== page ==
Three Poems

A weekly poem, read by the author.
Jan. 8 2013 9:17 AM

Three Poems

Train in station.

Photograph by Ron/Comstock/Jupiterimages/Thinkstock.

Click the arrow on the audio player to hear T.R. Hummer read "Imperial." You can also download the recording or subscribe to Slate's Poetry Podcast on iTunes.


There are few still standing now who remember
    when they sold Prince Albert in a can.
He was beautifully dressed, a fine trope of a man,
    with a beard, and a nose, and slender
As the riding crop the Queen used to punish him
    when he forgot his place—inside the oblong tin
Farmers bought in country stores: imperially thin
    like Richard Cory in the famous poem.*
They were near contemporaries. But you can’t imagine
    the Prince Consort doing himself in.
In my mind he rides close to the hearts of men
    in work-shirt pockets; he ministers to the ways
Of colonials blind to the pressure of Victoria’s corset stays.

Click the arrow on the audio player to hear T.R. Hummer read "Pandrol Jackson." You can also download the recording.

“Pandrol Jackson”

Along a derelict railroad, abandoned machinery takes
    its last tour of duty toward rust. Another town is stalling.
Another house smolders with rot while a television rages.
    Crows patrol banked cinders beside a landfill with a sign:
No Dumping.
We were Jews in Austria. No, we spoke German
    in Czechoslovakia—by order of the Alliance, we filed
Into a railroad car and died. No, we were black in Arkansas.
    Here is a filthy contraption, like a grim lawn mower
With flanged iron wheels, Pandrol Jackson in blue paint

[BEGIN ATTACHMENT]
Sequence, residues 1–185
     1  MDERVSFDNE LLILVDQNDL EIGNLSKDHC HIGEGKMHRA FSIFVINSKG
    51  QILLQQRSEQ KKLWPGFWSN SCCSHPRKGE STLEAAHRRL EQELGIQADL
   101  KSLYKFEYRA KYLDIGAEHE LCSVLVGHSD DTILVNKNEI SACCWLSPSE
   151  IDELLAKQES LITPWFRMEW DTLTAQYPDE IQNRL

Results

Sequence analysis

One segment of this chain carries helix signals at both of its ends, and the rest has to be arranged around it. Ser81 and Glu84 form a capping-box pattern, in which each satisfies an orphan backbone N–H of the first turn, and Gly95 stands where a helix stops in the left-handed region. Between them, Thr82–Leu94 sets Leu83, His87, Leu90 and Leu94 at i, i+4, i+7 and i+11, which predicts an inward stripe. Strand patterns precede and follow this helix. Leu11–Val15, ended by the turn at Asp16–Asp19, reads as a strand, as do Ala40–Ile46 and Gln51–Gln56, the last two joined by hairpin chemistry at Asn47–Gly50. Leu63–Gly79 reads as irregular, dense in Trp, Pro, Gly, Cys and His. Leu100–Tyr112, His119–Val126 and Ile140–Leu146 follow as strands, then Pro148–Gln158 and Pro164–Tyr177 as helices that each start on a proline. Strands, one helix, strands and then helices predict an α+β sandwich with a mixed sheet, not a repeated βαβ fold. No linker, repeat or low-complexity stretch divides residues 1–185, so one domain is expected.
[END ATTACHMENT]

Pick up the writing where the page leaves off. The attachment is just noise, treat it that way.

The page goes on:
on its rotted housing: a rail grinder, used to polish steel
To brilliance, forgotten here as after the Rapture. And the carcass
    of a boxcar warps just down the track, groaning with a cargo of bones.

Click the arrow on the audio player to hear T.R. Hummer read "Bloodflower Sermon." You can also download the recording.

“Bloodflower Sermon”

The wind has windflowers, the sea anemones,
    death its endless procession of white bouquets.
We homeless ones circle a field in the guise of nightshade,
    absent our own blossoming. We nameless ones drop
No petals on the sandstone patio. A turbulent shaft of light
    strips us down to our essence and beats us raw.
What chance did we ever have, Great Ones, to be anything
    but planted in tilth in the end, and sentenced to calcium?

For Slate's poetry submission guidelines, click here. Click here to visit Robert Pinsky's Favorite Poem Project site.

Correction, Jan. 14, 2013: Because of a production error, the poem "Imperial" originally misspelled Richard Cory's last name. (Return to the corrected verse.)


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